Seventy percent of black undergraduate men at TCU are recruited athletes, a Star-Telegram analysis found, a statistic that raises questions as the school works to improve its on-campus diversity and atmosphere for minority students.
The private university known for its football program has long struggled with diversity, to the point that the hashtag #beingaminorityatTCU trended in October 2016 and students shared a letter listing formal demands for improvement with the administration. A year and a half later, the administration has met some of the student demands, but minority student enrollment numbers show little progress.
“I think part of it is that a lot of minorities that are athletically inclined, they’re going to come for a school that has a team and a coach you’re interested in,” TCU chancellor Victor Boschini said. He paused. “It would make me wonder, why can’t I have 70 percent in the general population?”
Of the 490 black undergraduates, 218 are men, making up 5.9 percent of the school’s male student population. Of those black undergraduate men, 70 percent are athletes.
"When I first got there I realized most of the black people were athletes," said Brandon Parrish, who played basketball for the Horned Frogs from 2013-17. "Even if you weren't an athlete, they probably thought you were an athlete."
Of the school’s 10,498 students in fall 2017, 69.4 percent were white. The number is even slightly higher for undergraduate students: 70.5 percent, according to TCU’s online factbook.
“That’s troubling,” said Marybeth Gasman, the director of the Center for Minority Serving Institutions at the University of Pennsylvania, which studies, develops and promotes policies for institutions that primarily serve nonwhite students. “They should have a whole variety of black men who have a variety of interests.”
The proportion of athletes is probably an undercount. The Star-Telegram calculated these numbers using a combination of TCU’s student factbook and athlete rosters online, as well as athletes’ social media accounts and interviews of an athlete in which he or she self-identified. If there was any doubt, the athlete was not included in the count.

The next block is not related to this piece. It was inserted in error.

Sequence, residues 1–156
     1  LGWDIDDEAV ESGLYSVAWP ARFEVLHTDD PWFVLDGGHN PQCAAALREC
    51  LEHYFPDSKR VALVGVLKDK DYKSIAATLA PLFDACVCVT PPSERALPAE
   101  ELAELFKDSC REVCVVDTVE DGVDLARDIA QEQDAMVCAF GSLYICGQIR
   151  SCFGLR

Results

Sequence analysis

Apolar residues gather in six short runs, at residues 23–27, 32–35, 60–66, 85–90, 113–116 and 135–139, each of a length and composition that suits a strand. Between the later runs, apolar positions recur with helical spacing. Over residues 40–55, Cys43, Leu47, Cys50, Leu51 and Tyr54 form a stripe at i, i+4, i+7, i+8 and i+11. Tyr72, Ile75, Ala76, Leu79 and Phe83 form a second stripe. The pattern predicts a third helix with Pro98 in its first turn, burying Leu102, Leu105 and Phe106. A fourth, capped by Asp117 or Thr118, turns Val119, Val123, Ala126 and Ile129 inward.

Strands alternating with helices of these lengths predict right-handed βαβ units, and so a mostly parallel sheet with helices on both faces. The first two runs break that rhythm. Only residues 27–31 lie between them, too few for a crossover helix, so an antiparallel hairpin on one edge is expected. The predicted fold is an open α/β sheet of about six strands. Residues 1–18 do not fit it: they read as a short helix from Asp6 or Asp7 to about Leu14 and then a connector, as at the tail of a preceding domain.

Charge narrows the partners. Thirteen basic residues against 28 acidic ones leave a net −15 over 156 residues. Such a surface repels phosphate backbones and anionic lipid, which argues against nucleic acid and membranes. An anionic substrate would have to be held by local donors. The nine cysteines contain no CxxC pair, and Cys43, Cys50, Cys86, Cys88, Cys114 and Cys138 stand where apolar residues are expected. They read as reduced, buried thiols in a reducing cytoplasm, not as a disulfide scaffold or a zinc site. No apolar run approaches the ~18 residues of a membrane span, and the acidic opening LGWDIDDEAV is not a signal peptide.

“What I have found is that when they come in, athletes come in with wide gaps in education. They’re required by their high schools to jump and run. Once they’re given a chance [at the university level], many succeed,” TCU provost R. Nowell Donovan said. “But there are some gifted athletically but not academically. And sadly, some of those do not survive to get a degree.”
The university looks nothing like its city, the county or even the country. Fort Worth is 18.8 percent black and 31.1 percent Hispanic, according to the U.S. Census. Tarrant County is 4.6 percent Asian, 14.5 percent black and 26.7 percent Hispanic. And the United States is 5.7 percent Asian, 13.3 percent black and 17.8 percent Hispanic. But the makeup of TCU's student population is the same as its peer schools.
“I think it’s a hard group to crack,” Boschini said of minority students, particularly men. “And I don’t know why that is but it is, on every campus I’ve ever worked on.”
To Gasman, the fact that TCU is in Fort Worth and that only 5 percent of its students are black shows the school needs to work harder on outreach.
“I think it’s a hard population because they’re not trying. I don’t think it’s difficult. If you offer students a comparable financial aid plan, if you tell them about the institution, if you reach out to communities, if you treat people right once they get there, I don’t think it’s hard,” she said. “When you don’t have more black students, it’s a choice.”
The university does have a few specific ways of reaching out to minority students. It partners with local high schools and offers 50 students — up 10 from last year — full rides with its Community Scholars Program. The university is also adding a postdoctoral fellowship for a minority student.